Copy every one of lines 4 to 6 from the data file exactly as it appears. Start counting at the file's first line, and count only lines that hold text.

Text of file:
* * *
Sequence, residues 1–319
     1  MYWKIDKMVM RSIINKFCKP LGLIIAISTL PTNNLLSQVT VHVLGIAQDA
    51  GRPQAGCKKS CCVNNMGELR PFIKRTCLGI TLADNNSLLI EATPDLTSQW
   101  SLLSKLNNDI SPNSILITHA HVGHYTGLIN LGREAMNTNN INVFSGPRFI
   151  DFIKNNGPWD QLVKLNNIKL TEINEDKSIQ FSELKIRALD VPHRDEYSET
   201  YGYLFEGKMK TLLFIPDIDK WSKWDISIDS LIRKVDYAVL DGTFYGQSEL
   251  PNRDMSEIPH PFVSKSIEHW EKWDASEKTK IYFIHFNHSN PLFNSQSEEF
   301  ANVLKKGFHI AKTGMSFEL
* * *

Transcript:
   101  SLLSKLNNDI SPNSILITHA HVGHYTGLIN LGREAMNTNN INVFSGPRFI
   151  DFIKNNGPWD QLVKLNNIKL TEINEDKSIQ FSELKIRALD VPHRDEYSET
   201  YGYLFEGKMK TLLFIPDIDK WSKWDISIDS LIRKVDYAVL DGTFYGQSEL